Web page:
Glade Sowards | Music | Salt Lake City Weekly

Glade Sowards 

Exposed: Glade finds a reason to release.

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Singer/songwriter Glade Sowards recently received just about the best present a musician can get. In July 2009, a CD release party for local musician David Williams turned into an unexpected record release for Sowards. Unbeknownst to him, well-meaning friends had copied song files from his computer and pressed the material into physical albums with cover art taken from his Facebook fan page. “It was a really sweet thing, but also terrifying,” he recalls.

Some of the songs on Glade date back to 2005—a typical backlog for Sowards, whose work takes time to marinate and, hopefully, age well. Sowards prefers to ruminate on his output until it’s ready for the rest of the world to hear. On the rare occasion a song comes to him while, say, waiting in line at the coffee shop, he’ll record it and try to find words that fit later. “I try to pretend I’m making a call as I sing it into my phone,” he laughs.

A longtime fixture on Utah’s acoustic-folk scene, the Vernal-born Sowards maintains a balance between stripped-down sound and modern digital means to document his aural fixations. He might write songs like “Sound of Yesterday,” but he insists his interests lie in present-tense musical technology.

Glade reflects, though, a vested interest in the past.

Strains of Uncle Tupelo, Big Star, R.E.M., Neil Young and The Replacements surface throughout the record, which demonstrates his skill on acoustic guitar and bass. Like many Utah artists, Sowards bounced around the country before returning home to plant roots, pursuing higher education first in Southern California, and later at Iowa’s Grinnell College. He moved back in ’98 to care for a sick loved one and embraced SLC’s music community as his second family.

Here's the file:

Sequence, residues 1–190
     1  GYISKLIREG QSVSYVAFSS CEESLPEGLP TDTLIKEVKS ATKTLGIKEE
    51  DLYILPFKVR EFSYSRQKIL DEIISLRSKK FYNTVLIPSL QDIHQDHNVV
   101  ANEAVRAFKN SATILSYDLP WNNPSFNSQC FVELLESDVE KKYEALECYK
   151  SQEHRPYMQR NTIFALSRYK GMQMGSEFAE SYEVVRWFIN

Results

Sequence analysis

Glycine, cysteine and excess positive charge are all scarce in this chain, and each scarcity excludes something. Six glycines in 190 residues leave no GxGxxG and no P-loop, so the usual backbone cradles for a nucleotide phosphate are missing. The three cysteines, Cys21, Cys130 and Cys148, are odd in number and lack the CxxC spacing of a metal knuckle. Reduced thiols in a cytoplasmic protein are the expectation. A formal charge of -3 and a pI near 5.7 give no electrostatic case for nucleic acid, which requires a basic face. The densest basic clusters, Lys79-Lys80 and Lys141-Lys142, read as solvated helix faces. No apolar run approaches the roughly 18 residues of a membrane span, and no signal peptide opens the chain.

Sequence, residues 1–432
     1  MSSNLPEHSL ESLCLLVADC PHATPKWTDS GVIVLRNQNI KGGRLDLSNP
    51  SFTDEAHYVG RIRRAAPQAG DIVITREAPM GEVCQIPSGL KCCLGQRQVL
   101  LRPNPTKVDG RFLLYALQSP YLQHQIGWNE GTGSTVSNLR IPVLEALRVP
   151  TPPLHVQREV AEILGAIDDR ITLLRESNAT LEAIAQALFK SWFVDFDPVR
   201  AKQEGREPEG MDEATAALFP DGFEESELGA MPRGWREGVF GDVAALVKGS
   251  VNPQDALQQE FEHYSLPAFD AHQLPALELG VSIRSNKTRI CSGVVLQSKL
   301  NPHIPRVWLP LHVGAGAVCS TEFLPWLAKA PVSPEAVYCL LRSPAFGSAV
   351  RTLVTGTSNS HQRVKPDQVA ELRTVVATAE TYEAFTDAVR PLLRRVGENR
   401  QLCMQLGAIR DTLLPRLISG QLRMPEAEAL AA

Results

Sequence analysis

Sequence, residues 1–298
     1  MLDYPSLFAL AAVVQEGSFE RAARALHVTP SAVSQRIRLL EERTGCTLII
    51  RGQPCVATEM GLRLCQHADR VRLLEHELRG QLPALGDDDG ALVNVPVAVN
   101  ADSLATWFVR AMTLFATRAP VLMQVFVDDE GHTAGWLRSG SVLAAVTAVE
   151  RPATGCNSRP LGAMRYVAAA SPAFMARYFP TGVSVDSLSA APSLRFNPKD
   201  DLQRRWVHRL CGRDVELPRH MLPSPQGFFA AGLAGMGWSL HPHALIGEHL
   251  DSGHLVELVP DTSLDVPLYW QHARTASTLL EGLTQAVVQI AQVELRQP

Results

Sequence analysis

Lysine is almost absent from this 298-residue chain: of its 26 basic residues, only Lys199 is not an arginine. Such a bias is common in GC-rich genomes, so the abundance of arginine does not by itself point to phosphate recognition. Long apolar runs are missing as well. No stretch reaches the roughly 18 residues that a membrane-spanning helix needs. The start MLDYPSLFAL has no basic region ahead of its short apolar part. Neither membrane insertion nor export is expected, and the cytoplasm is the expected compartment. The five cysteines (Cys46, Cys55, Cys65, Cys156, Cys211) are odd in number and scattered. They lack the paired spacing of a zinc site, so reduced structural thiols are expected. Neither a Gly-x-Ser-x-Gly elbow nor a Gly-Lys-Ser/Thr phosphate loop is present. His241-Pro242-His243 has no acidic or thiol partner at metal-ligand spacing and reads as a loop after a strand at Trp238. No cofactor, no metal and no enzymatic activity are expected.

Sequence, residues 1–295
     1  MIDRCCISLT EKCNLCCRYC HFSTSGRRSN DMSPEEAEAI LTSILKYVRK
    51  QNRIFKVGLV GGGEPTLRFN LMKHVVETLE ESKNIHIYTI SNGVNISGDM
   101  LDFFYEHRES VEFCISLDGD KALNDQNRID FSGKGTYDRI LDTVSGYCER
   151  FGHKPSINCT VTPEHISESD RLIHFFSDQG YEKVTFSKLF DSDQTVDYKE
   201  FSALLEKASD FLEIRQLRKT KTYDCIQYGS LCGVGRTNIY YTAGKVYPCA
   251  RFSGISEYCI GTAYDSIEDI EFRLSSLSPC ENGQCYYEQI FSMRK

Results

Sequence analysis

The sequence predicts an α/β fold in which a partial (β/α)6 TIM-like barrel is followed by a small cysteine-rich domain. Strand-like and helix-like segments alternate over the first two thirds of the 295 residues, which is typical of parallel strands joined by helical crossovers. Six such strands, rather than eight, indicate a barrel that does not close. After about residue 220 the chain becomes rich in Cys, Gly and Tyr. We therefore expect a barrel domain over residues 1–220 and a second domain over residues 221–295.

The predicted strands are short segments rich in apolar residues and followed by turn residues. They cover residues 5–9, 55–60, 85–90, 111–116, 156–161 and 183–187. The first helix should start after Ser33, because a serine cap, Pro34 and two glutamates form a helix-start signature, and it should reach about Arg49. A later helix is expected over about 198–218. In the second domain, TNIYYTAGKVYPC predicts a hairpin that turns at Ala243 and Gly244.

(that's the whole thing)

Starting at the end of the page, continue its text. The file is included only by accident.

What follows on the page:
I first saw Sowards play about 10 years ago at defunct record shop Salt City CDs, and noted his comfortable, personable musical style. He produced a short run of albums back then, and has since amassed two records worth of material, but didn’t feel it merited exposure. Glade was recorded with musical backing from David Williams, with whom Sowards performs in The Black Hens, and Jeremi Hansen (Band of Annuals, Blue Sunshine Soul).

Sowards has discovered that, for him, waiting is a significant part of his creative process. “I used to get worried when I’d go six months without writing any songs,” he explains, “but then I realized that’s part of the process, too, living life experiences and absorbing them.” The genesis of the song “Beautiful Night” came when he was walking home from the bar; the evening light struck something within him, and he flipped open his phone and sang the melody that had come into his head.

The song “Koosharem” came after the songs on Glade were recorded, but can be heard on his Facebook fan page and on MySpace. It’s intriguing, because it points to a common ambivalence of Utah artists and musicians towards their home state, naming off small towns like Henryville, Loa and Kanarraville, but most pointedly aims at Salt Lake City: “Salt Lake, Salt Lake, why are you so mean?” he asks.

“Salt Lake is big small town, and for a long time, people were self-conscious about living here, but it’s changing now. People are proud of making a scene and a community,” he says. “I love it, but sometimes I have to decompress.” To this aim, he lived in Torrey with David Williams for a few years, and found the slower-paced life there so refreshing it was hard to come back. They brought some big city music there, such as The Black Hens and Band of Annuals opening for the Magnolia Electric Co. last summer. Blitzen Trapper, Laura Gibson and Horse Feathers have also made the trek.

Music has always been a release for him, and he’s constantly hunting for opportunities to expose people to his music. Later this year, Glade will be available for download on Conor Oberst’s new online label Team Love. Sowards, whose day job is energy program coordinator with the Utah Department of Environmental Quality, has two lives, in a way. “In the day, I’m in a suit at the Capitol, then after work, I’m at Urban Lounge.”

Urban Lounge featured him and nine other singers, playing three songs each on Jan. 10. He hopes to debut new material at his next performance, and release another album later this year. “My friends jarred me into realizing I wanted to share this stuff.”

Kilby Court
741 S. 330 West
Thursday, Jan. 14
7 p.m.

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